GIVE AN EXAMPLE of the best writing you've ever read

by Terry 68 Replies latest social entertainment

  • BrendaCloutier

    God, grant me the serenity
    to accept the things I cannot change
    The courage to
    change the things I can
    And the wisdom
    to bury the bodies where they will not be found

    Had to throw in some humor!

    The best I've read, and I won't quote it here because it's too long, is the book To Kill A Mocking Bird. It's absolutely beautiful!

    Having read the book and seen the movie many times each, the my favorite scene is when Addicus looses his courtroom case, and the courtroom clears out except for him, and the blacks in the gallery all stand. His children are in the gallery and are told to stand in respect because there goes a great man.

  • MerryMagdalene

    Good mornin', world! funkyderek's quote just woke me up, but good! Better than a jolt of caffeine.


  • RunningMan

    At the beginning of the book Mystic River, a quote is provided from God's Pocket by Pete Dexter. I can't find it online, and I'm not at home at the moment, but it went something like: "He didn't understand women. Not the way that comedians don't understand women, but the way that the poor don't understand the economy."

  • FairMind

    When you are running, don't look behind you, cause they might be catchin up. Satchel Paige-Baseball Player

    It was Deja Vu all over again. Yogi Berra-Baseball Player

  • sf

    What comes to mind for me is:

    1-I recently read Dan Browns 'ANGELS AND DEMONS'. I rarely stopped reading it and finished it pretty quick. The symbols of the Illuminati were the most memorable of the book, for me. And also the discovery that there could indeed have been the big bang. Great stuff.

    2-My absolute favorite person, who writes all of his own "schtuff" and seems to have a gift of brute honesty and is a great man, as he is my dear friend, Tom Talley. His web pages no longer exist, as he has expressed to me varying reasons for this, yet when they did they provided a great tool in discovery....honesty. He had...HAS...(you can read him on USENET GROUPS) a way like no other, that peels the fraud of the WT like a huge onion. Great "schtuff". I love you Tommy.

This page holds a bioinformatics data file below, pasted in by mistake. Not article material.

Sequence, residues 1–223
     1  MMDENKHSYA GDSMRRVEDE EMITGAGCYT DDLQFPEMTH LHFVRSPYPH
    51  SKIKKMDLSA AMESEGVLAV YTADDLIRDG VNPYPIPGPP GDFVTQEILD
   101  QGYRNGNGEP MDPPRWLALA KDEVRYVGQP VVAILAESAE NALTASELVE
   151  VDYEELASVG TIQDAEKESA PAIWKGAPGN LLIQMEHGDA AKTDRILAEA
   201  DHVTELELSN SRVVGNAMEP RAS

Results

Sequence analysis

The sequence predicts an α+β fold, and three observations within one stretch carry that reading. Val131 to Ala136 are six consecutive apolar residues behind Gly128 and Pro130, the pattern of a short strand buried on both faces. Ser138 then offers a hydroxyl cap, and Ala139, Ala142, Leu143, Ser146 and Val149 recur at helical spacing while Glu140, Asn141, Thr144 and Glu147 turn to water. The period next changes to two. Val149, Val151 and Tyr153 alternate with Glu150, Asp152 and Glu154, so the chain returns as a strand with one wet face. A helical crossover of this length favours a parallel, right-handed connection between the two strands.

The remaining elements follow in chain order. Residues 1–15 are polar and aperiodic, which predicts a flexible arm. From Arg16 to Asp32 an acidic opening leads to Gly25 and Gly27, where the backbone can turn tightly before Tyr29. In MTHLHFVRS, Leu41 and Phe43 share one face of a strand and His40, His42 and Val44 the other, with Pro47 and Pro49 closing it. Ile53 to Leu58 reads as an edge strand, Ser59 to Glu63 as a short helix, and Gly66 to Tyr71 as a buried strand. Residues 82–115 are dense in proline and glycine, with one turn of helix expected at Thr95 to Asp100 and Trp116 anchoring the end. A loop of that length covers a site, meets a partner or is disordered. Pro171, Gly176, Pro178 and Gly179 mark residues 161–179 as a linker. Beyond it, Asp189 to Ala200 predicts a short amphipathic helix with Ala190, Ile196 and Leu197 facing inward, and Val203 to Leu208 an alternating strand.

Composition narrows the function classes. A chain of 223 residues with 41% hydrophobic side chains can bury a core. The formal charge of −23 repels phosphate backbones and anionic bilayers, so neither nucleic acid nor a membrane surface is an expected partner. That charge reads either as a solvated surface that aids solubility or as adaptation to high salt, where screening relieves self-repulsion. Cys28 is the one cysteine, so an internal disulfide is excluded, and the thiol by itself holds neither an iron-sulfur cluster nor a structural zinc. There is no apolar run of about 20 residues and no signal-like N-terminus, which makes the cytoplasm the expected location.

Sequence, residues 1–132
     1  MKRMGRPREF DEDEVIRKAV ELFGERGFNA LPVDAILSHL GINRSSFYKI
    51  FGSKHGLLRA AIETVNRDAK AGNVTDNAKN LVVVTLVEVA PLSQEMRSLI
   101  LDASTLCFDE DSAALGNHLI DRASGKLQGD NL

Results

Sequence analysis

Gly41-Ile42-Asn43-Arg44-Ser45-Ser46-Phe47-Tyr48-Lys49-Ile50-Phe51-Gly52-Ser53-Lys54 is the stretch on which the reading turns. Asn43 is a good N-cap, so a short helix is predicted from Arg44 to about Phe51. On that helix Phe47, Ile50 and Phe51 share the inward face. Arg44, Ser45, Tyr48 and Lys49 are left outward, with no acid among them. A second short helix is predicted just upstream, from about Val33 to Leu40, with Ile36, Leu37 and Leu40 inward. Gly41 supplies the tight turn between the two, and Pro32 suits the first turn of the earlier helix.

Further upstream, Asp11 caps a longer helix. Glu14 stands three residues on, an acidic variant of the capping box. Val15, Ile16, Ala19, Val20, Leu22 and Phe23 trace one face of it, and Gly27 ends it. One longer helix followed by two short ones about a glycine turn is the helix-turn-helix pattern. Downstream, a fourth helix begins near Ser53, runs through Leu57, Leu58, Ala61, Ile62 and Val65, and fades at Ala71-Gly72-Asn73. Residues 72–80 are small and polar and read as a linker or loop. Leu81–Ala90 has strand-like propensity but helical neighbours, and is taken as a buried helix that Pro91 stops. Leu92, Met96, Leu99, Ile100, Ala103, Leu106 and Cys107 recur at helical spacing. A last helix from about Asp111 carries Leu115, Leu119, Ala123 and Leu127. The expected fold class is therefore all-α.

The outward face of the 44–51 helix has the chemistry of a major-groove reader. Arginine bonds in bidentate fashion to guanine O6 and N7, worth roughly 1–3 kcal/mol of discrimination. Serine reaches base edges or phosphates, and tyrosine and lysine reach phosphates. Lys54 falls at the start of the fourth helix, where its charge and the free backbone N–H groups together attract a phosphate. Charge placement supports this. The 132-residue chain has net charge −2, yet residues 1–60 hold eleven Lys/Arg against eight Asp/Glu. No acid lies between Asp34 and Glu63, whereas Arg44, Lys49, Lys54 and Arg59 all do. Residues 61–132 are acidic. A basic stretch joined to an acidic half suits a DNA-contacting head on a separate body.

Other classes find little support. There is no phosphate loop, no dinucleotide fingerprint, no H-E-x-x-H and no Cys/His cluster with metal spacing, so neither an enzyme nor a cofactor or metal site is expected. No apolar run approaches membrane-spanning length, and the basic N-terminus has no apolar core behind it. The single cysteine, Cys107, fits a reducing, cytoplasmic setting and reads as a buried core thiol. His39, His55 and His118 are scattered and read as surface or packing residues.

3-Another writer I was mesmerized by and helped me a great deal, in the early years, was someone I read on the net. She is not some famous writer just a wonderfully funny human being. That would be none other than 'Mommie Dark'. The way she told a story. The passion she has for truth and justice were very close to my own feelings and thoughts on such. Not to mention her humor. Her pain, her love, her life as a WT kid, as she wrote, will haunt annyone. Great stuff.

    4-Lord of the Rings, the book. Need I say more?

    5-And my absolute favorite poem is the one I read from a little brown poem book when I was very young, before the WT Years, before all our time was consumed with reading mostly WT litter-ature. Today, ironically, this poem is indicative of my life inside this org, as a young child and what I've learned from all my research of it. Thus, I've become skilled at how to be very careful...of everyone...even this 'GOD' thing:

    'The Spider And The Fly'

    "Will you walk into my parlor?" said the spider to the fly;
    "'Tis the prettiest little parlor that ever you may spy.
    The way into my parlor is up a winding stair,
    And I have many curious things to show when you are there."
    "Oh no, no," said the little fly; "to ask me is in vain,
    For who goes up your winding stair can ne'er come down again."

    "I'm sure you must be weary, dear, with soaring up so high.